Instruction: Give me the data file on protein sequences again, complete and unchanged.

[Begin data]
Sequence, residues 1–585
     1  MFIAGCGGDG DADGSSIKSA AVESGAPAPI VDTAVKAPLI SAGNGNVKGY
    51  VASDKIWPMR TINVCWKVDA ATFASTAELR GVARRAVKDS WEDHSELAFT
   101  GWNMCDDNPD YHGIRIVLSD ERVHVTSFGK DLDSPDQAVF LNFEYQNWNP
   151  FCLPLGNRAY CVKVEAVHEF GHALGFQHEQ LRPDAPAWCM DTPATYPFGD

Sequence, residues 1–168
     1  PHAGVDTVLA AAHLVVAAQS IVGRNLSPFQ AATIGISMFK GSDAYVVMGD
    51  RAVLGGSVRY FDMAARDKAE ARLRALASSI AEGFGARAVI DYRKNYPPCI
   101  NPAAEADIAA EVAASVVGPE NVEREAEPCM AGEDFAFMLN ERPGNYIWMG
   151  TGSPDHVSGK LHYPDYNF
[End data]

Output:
Sequence, residues 1–585
     1  MFIAGCGGDG DADGSSIKSA AVESGAPAPI VDTAVKAPLI SAGNGNVKGY
    51  VASDKIWPMR TINVCWKVDA ATFASTAELR GVARRAVKDS WEDHSELAFT
   101  GWNMCDDNPD YHGIRIVLSD ERVHVTSFGK DLDSPDQAVF LNFEYQNWNP
   151  FCLPLGNRAY CVKVEAVHEF GHALGFQHEQ LRPDAPAWCM DTPATYPFGD

Sequence, residues 1–168
     1  PHAGVDTVLA AAHLVVAAQS IVGRNLSPFQ AATIGISMFK GSDAYVVMGD
    51  RAVLGGSVRY FDMAARDKAE ARLRALASSI AEGFGARAVI DYRKNYPPCI
   101  NPAAEADIAA EVAASVVGPE NVEREAEPCM AGEDFAFMLN ERPGNYIWMG
   151  TGSPDHVSGK LHYPDYNF